How to prepare a mulberry cutting
The Mulberry is an imposing tree of the Moraceae family.
This plant is native to Asia, but also widespread, in its natural state, in Africa and North America.
Mulberry is a tree that has been cultivated for millennia. It is a tree with whole or lobed, serrated leaves, capable of developing small flowers. The fruits it produces are eaten fresh or used in making jams or other preparations. It is grown in many cases as an ornamental plant, especially in public parks.
The mainly cultivated species are:
The black mulberry (Morus nigra L.) native to western Asia, up to 15 m high, with delicious black fruits.
The white mulberry (Morus alba L.) native to China, up to 12-18 m tall, cultivated for the leaves from which the silkworm is obtained.
The red mulberry (Morus rubra L.) native to North America, up to 15 m tall, with red fruits that turn dark purple.
The mulberry, in all three species, can be reproduced by such a branch or by using the numerous suckers that grow at the base of the trunk.
As for the cuttings, these should be taken in early spring, using two-year-old branches.
The length of the cutting must be 25-30 cm and this must be prepared by making two clean cuts, making sure to leave some buds and possibly two leaflets: a basal (which should not be buried) and an apical one.
For the soil it is good to prepare a mixture of sand and peat or organic soil in the ratio of 2: 1.
Whether it is grown on pallets or in jars, a few centimeters of expanded clay or coarse gravel must be prepared at the bottom to facilitate the drainage of excess water.
Before dipping the cutting into the rooting substrate it is good to immerse it in a rooting powder based on hormones or in a product that you can prepare yourself.
Irrigation must be carried out twice a day (morning and evening) and, especially if you are not in a cold greenhouse, at least two sprays a day, ensuring that the steam droplets enter through the holes provided.
It is good that the cuttings are placed in a cold greenhouse or, failing this, in perforated plastic bags, which surround the cutting and the vase and guarantee greater humidity. Furthermore, the cuttings must not receive direct sunlight until rooting has taken place, which is evident with the growth of young shoots and the first leaves.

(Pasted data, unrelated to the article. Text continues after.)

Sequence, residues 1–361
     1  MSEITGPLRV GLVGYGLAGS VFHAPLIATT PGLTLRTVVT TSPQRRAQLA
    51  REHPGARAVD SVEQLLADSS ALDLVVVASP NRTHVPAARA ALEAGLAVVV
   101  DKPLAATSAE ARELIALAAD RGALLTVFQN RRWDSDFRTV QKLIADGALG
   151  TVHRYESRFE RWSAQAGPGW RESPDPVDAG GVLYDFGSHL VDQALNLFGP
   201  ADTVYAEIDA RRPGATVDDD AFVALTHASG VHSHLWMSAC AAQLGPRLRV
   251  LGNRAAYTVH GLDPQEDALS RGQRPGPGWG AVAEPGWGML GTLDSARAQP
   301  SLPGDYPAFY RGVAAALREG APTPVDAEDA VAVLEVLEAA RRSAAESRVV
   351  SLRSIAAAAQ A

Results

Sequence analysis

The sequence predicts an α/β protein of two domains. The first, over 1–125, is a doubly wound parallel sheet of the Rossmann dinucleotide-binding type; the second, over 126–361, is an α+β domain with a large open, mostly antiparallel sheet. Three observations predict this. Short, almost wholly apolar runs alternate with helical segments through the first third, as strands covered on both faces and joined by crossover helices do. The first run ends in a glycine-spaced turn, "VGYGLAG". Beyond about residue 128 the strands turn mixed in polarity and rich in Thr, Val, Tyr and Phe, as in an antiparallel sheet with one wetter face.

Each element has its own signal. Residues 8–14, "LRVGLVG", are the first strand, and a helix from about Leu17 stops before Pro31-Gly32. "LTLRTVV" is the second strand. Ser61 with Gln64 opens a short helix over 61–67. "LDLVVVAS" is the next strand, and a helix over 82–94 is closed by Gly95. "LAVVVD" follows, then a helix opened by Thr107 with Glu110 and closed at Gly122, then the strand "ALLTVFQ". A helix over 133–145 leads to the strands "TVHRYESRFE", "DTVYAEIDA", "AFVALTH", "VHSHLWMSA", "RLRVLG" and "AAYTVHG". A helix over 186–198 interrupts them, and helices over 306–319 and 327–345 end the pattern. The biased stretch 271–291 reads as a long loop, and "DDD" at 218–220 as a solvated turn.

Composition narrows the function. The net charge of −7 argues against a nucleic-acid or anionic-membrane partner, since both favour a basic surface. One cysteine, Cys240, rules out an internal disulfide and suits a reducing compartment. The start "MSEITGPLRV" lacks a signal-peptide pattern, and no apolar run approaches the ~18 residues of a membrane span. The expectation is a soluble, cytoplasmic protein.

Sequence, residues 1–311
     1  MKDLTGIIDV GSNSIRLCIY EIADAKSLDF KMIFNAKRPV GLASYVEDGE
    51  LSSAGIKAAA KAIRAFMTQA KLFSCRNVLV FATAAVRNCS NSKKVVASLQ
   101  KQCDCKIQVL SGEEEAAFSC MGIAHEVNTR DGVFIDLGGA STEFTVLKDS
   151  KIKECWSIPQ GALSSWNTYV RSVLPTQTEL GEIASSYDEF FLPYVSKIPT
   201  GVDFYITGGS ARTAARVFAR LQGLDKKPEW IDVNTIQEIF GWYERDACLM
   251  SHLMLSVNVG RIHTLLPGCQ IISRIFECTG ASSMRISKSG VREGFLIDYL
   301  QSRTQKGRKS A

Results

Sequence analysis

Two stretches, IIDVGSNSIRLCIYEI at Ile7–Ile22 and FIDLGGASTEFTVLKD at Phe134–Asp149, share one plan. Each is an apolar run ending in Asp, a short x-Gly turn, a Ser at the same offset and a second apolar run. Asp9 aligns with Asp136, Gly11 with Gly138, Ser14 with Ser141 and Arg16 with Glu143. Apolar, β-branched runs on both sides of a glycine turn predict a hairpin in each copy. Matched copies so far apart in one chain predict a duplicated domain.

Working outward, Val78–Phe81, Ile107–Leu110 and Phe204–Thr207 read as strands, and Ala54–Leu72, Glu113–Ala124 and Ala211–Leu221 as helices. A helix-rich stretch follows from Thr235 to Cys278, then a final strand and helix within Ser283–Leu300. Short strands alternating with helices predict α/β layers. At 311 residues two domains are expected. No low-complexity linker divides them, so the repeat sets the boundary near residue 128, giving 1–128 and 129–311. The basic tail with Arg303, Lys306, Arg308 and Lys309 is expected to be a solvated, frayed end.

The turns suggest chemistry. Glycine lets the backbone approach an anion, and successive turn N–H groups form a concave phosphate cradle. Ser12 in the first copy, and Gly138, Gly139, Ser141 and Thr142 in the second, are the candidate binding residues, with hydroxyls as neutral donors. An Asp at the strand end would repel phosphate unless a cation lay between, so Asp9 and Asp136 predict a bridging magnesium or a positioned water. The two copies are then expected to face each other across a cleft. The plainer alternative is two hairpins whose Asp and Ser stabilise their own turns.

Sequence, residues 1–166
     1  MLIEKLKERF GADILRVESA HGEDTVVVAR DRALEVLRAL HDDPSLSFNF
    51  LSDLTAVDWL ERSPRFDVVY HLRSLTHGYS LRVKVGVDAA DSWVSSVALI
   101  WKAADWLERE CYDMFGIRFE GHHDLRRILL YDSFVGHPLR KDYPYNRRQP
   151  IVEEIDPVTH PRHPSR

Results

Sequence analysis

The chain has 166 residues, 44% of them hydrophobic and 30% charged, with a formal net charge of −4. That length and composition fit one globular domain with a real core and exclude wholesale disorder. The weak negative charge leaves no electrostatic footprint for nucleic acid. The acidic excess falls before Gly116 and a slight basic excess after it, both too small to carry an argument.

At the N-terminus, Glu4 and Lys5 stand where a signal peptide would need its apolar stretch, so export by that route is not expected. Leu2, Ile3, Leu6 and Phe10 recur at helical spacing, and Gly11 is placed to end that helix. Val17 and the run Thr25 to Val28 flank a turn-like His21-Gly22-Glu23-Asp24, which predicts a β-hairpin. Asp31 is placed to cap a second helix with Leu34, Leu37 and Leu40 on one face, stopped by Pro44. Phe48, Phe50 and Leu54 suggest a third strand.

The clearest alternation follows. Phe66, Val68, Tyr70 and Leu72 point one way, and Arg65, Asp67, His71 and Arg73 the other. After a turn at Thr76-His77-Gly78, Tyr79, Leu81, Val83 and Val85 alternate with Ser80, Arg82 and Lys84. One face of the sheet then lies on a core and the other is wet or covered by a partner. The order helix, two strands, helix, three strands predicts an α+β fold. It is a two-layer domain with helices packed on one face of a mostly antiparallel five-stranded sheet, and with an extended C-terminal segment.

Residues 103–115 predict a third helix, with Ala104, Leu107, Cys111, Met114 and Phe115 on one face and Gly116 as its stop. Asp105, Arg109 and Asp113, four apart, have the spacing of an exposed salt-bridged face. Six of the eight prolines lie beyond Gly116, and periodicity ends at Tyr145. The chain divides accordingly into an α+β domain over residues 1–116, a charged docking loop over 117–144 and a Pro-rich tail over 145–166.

The positioning in the light must then be carried out gradually as the young seedling grows.
For the transplant you have to wait for the second year of life.
Let’s say right away that the percentages of engraftment of mulberry cuttings are not high so it is necessary to prepare a much greater number than the seedlings to be produced.
Otherwise you can proceed with the propagation by layering.
This is obtained by applying a part of damp earthen bread on a portion of a two-year-old branch, blocked with a fabric that can act as a water transmission, in order to keep the soil always moist.
Once the layering has hunted the roots, after about two months it is cut below the roots and placed in a pot with soil, taking care to wet it every now and then. You must also take care to remove a few twigs and a few leaves to give it more strength.
The transplant in the ground, both of the plant produced by cutting and by layering, must be done in the following year in the period of December or at the latest in January.
Another possibility of propagation is that by seed, but this is very slow and at least 7-10 years must pass to reach fruiting.